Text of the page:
Convictions test convictions: Oath Keepers, Proud Boys, and the Republican Party (1)

Seditious conspiracy is a heavy criminal charge in the United States, hard to prove, rarely used, and harshly punished. But this week a jury convicted four members of the Proud Boys–a far right group–of the charge, along with a range of other crimes. They were the third set of defendants convicted of seditious conspiracy as a result of the attempted insurrection of January 6, 2021, all liable for decades in prison.

It’s a big deal.

Over the past few years, the Department of Justice has processed hundreds of criminal charges against people involved in storming the Capitol and trying to stop Congress from certifying the electoral defeat of Donald Trump.

The first set of actions were plea deals, where protesters pled guilty to charges like vandalism or trespass. The sentences varied, depending upon the provable actions of the defendant, and ranged from probation to several years in prison.

Those who chose not to take plea deals then faced trials, and somewhat harsher sentences. Defendants claimed they were confused or misled or doing their Constitutional duty. More than a few blamed Donald Trump, then president of the United States (ulp!) for inviting the insurrection. Attorneys went further, blaming Trump for intentionally misleading and exploiting confused and troubled individuals.

From early on, it was clear that while some of the Capitol invaders were people who had come to protest peacefully and just got caught up in the moments. But others were part of organized groups that came with access to arms and allies, and saw themselves as executing a coordinated strategy. They planned their actions and left an electronic trail of communications. They also left frustrated allies who cooperated with the Department of Justice and testified against their former colleagues.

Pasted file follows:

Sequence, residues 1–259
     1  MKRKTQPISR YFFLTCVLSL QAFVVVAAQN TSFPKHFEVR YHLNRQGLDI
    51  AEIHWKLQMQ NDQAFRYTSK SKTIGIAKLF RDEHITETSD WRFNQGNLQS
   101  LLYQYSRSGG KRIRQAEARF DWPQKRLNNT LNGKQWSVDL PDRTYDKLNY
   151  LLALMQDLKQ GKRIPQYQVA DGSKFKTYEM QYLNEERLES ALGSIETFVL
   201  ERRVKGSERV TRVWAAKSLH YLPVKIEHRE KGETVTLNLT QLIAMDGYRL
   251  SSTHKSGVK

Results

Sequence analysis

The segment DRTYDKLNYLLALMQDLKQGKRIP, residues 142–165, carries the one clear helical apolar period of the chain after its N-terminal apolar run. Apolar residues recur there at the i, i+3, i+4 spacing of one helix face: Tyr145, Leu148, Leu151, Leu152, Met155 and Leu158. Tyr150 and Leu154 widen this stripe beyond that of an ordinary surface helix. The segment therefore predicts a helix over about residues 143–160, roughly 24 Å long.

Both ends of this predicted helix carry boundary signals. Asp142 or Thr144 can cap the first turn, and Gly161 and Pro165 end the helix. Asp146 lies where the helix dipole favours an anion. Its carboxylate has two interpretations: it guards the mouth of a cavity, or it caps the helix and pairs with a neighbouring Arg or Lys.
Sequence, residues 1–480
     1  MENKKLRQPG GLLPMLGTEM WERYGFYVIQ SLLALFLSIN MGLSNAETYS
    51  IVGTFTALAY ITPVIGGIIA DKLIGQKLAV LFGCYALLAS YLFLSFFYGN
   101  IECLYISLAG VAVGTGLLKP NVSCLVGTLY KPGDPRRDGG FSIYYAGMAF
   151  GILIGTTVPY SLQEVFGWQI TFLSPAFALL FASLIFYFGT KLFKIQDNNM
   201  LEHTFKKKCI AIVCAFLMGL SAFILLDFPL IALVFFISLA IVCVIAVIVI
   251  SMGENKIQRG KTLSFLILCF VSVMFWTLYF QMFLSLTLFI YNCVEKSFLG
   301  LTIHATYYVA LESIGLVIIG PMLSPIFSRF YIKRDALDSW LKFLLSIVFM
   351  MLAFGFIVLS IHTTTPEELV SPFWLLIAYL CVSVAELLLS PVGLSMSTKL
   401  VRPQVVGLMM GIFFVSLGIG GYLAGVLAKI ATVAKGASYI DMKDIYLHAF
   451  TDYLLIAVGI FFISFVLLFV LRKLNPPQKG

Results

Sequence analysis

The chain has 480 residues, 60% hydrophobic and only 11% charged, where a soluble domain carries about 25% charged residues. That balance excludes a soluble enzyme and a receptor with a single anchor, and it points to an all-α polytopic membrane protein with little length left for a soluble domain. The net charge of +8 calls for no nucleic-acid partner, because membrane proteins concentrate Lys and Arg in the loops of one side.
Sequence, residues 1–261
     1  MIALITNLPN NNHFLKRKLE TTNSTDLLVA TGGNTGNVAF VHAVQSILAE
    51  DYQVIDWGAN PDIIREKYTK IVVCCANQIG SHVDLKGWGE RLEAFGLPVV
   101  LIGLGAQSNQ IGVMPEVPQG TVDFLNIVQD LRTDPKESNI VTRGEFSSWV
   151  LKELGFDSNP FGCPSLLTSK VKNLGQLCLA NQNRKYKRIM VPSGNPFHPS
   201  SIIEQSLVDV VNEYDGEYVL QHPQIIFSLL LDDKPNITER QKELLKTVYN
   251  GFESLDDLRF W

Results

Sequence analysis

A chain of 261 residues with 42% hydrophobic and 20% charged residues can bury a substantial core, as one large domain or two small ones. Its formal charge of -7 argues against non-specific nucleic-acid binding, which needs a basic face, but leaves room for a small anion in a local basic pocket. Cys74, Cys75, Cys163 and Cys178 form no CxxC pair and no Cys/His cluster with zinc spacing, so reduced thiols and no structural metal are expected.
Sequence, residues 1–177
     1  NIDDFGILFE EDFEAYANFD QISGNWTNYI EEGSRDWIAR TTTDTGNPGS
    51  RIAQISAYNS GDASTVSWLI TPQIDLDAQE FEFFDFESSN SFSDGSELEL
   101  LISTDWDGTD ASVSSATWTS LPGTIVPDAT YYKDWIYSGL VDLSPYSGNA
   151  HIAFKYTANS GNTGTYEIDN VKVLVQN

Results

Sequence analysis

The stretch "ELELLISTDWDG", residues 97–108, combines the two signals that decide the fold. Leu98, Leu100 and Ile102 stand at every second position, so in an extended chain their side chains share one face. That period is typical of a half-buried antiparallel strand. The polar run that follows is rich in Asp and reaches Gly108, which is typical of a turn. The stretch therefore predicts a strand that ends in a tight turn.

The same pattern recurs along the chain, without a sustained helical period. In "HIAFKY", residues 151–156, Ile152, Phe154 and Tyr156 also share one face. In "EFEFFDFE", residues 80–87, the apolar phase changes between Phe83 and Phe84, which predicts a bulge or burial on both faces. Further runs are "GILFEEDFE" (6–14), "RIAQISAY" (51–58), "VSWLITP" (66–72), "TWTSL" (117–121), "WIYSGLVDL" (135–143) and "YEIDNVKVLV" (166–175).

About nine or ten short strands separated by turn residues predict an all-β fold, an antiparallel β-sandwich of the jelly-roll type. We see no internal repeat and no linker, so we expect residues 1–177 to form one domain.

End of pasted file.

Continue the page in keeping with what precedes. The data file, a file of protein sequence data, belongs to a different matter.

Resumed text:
Several Oath Keepers were convicted of seditious conspiracy–and other felony charges, in November, and then another group was convicted in January. They await sentencing. Stewart Rhodes, among the convicted, founded the group as a mission and a business in 2009, and has led it since. Absent Rhodes, resources, or direction, its prospects of continuing seem bleak.

The Proud Boys, convicted just this week, may be another matter. Founded in 2016, the group has already been through several leadership changes, and maintains a more decentralized structure, with local groups plotting out their own efforts. Since January 6, local Proud Boys groups have staged actions against LGBT events and drag queen story hours, starting fights and getting attention. The locals can continue even without their national leaders, people who are likely to be in federal prisons for a long time.

The criminal convictions are a challenge to the groups, and a bigger challenge to their allies operating more or less in the mainstream of the Republican Party. Most national Republicans have been silent on the legal processing of the January 6 defendants. But a few far right performers, including members of Congress Matt Gaetz (Florida) and Marjorie Taylor Greene (Georgia) have valorized the insurgents, visiting them in prison and complaining about the conditions of incarceration.

Trump has gone further, kicking off his third campaign for the presidency in Waco Texas, with a song of sorts, featuring the “J6 choir” singing the national anthem while the candidate recited the Pledge of Allegiance. Trump promised pardons for the insurgents, a promise he could only deliver on if elected.

Democratic governance works by separating belief from conduct, allowing debate of contentious ideas, and making policy through established institutions. Everyone’s supposed to follow the same rules, and enjoy equality under the law.

Fascism works another way, by identifying worthy individuals and groups and giving them wide berth in advancing their interests at the expense of anyone else.

You can tell the difference.


About David S. Meyer

Author and professor of Sociology and Political Science at the University of California, Irvine
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